Year-End Tax Legislation Includes Many Elements Affecting Employers
On December 20, President Trump signed into law two spending bills to fund the government through September 30, 2020: H.R. 1158 – Consolidated Appropriations Act of 2020, and HR 1865, the Further Consolidated Appropriations Act. HR 1865 contains several important tax and other provisions affecting employers; in particular, elements designed to expand and facilitate retirement savings. Selected provisions are highlighted below.
High-Cost Health Coverage Tax (aka "Cadillac tax") Repealed
HR 1865 repealed three Affordable Care Act ("ACA") taxes, including the "Cadillac tax," the medical device tax, and the health insurance tax ("HIT"). The "Cadillac tax," initially enacted as part of the 2010 ACA and intended to counter health-care cost increases, was a 40 percent tax on employer health coverage costing over $11,200 a year for individuals and $30,150 for families. It was scheduled to take effect in 2022.
Repeal of Tax on Nonprofit Organizations for Transportation and Parking Benefits
The Tax Cuts and Jobs Act imposed a tax on transportation fringe benefits offered to employees by tax-exempt organizations, which was intended to provide parity with for-profit organizations, which could no longer deduct expenses related to qualiﬁed transportation fringe beneﬁts. Such benefits had the effect of increasing the taxable "unrelated business income" of otherwise tax-exempt organizations by any amounts paid by such organizations for qualified transportation fringe benefits or parking facilities and qualified parking benefits under Section 132(f). This repeal is retroactive to 2018.
SECURE Act Retirement Plan Provisions
The legislation includes many elements from the Setting Every Community Up for Retirement Enhancement Act ("SECURE Act"), which contains several changes designed to expand and facilitate retirement savings, such as an increased limit for automatic escalation of savings percentages from 10 percent to 15 percent, and provisions to encourage multiemployer plans. A few examples of changes adopted in the Act follow:
The legislation provides new incentives for businesses to offer retirement plans, thereby reducing employers' administrative costs. Eligible small employers are entitled to an annual start-up tax credit for three years, which was previously capped at $500 annually. The SECURE Act increases this cap to up to $5,000 annually for three years. Small employers that adopt automatic enrollment can also qualify for an additional $500 credit for three years. These expanded credits are available starting in 2020.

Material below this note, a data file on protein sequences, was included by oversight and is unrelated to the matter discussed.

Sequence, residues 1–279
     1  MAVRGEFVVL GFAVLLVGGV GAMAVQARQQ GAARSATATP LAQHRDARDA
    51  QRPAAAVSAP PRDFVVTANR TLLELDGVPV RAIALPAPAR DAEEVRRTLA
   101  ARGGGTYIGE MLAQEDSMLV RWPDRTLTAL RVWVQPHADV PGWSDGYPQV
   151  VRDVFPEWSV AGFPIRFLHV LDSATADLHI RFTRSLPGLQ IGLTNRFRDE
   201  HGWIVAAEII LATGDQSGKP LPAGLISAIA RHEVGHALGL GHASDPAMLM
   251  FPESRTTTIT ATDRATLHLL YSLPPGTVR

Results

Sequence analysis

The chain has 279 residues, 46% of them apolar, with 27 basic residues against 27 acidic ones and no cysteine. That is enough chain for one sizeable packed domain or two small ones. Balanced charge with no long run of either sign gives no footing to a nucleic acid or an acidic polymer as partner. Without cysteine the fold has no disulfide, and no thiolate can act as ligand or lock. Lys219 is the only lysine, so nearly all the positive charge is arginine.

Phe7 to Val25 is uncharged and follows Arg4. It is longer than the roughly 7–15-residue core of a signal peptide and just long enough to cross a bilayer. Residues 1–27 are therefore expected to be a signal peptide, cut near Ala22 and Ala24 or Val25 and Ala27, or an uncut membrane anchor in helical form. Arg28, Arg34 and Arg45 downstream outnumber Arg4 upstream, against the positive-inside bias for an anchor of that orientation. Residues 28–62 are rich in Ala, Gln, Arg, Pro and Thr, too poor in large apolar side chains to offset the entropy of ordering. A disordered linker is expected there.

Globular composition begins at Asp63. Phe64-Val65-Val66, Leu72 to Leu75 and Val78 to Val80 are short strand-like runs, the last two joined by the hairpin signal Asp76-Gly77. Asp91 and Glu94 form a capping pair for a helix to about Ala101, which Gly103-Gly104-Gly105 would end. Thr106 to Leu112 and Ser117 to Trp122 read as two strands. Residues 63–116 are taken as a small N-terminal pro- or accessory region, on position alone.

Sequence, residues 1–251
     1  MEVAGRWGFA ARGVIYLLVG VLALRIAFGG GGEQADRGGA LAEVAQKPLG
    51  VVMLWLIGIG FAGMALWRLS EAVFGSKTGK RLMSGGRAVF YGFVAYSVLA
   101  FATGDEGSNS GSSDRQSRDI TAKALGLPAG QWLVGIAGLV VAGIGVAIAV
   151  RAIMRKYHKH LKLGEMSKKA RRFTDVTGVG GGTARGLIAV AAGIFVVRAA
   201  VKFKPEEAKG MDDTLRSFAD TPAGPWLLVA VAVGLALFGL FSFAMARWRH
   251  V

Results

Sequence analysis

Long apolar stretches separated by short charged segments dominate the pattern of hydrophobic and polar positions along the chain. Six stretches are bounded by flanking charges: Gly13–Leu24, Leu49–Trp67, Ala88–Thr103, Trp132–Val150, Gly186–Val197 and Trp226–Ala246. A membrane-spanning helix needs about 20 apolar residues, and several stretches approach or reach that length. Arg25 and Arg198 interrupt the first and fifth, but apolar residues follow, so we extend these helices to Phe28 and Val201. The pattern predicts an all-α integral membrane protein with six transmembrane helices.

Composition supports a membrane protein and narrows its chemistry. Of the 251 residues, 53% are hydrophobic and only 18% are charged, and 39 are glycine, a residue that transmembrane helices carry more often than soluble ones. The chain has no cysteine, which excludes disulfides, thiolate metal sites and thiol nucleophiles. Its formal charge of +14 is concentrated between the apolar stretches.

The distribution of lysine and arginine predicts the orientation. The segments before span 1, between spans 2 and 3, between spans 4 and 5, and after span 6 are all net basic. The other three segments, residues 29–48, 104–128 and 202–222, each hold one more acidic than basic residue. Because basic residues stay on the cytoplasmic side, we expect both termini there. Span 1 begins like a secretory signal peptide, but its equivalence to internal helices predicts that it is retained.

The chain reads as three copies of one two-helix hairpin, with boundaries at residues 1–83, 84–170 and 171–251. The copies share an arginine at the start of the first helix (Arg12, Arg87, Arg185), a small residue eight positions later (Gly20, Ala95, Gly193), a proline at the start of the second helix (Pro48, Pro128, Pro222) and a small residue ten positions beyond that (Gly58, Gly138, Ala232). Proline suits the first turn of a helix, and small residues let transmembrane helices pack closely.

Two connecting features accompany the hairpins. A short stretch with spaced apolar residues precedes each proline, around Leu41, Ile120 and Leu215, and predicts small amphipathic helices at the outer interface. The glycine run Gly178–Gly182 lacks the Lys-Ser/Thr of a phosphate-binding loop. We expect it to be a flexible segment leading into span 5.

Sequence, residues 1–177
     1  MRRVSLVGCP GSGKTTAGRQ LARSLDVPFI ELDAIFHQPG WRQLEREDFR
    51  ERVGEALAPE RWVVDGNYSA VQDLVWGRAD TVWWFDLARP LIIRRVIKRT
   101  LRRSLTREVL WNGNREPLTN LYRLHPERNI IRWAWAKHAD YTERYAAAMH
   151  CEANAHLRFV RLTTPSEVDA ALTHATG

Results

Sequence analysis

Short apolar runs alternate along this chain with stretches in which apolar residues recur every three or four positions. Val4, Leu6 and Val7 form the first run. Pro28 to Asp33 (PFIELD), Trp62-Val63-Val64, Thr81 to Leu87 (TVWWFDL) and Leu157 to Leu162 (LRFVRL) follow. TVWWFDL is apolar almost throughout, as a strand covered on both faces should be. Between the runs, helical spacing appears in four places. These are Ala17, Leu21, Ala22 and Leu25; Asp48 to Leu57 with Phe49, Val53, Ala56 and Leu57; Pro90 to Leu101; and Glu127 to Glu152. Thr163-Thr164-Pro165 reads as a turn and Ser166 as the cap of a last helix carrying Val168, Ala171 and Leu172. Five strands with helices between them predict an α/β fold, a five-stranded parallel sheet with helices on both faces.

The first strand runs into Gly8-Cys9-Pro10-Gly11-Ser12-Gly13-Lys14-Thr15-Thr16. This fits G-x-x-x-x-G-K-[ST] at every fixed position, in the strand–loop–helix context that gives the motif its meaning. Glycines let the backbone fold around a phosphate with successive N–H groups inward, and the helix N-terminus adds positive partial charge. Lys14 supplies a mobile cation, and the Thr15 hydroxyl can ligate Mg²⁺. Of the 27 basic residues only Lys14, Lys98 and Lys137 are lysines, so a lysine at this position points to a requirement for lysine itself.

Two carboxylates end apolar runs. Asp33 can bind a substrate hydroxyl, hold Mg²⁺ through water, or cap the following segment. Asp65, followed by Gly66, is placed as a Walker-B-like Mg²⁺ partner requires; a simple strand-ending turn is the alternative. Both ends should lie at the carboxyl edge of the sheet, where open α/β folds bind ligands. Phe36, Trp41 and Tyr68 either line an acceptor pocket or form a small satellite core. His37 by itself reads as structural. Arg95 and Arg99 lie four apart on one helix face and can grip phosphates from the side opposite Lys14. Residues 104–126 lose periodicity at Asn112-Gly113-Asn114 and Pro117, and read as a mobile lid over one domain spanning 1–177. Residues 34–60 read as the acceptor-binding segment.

Another provision requires employers to provide participants with an estimate of the annuity income that participant accounts could produce. The Department of Labor will provide detailed guidance and model disclosures, which will become part of participants' annual statements. Employers will have at least 12 months after such guidance is published to implement the disclosures. There is also a fiduciary safe harbor for selection of a lifetime income provider.
The SECURE Act also requires employers to permit long-term part-time workers to participate in 401(k) plans, opening eligibility to employees that complete either 1,000 hours within one year or 500 hours in each of three consecutive years. However, employers are not required to provide matching contributions for employees who become eligible for the 401(k) plan under this rule. This is generally effective for plan years beginning after 2020.
Birth or Adoption Withdrawals: The Act permits participants to take penalty-free withdrawals of up to $5,000 from a qualified retirement plan for expenses related to the birth or adoption of a child, for up to one year following such birth or adoption. This provision may be implemented almost immediately —after December 31, 2019.
The Act increases the age for required minimum distributions from age 70½ to 72, enabling certain workers and retirees to delay payouts from a retirement plan.
The Act extends several tax credits of interest to employers which expired after 2017 or 2018, or which were scheduled to expire after 2019, but are now renewed/extended through 2020:
- Indian Employment Credit
- Empowerment Zone Tax Incentives
- Work Opportunity Credit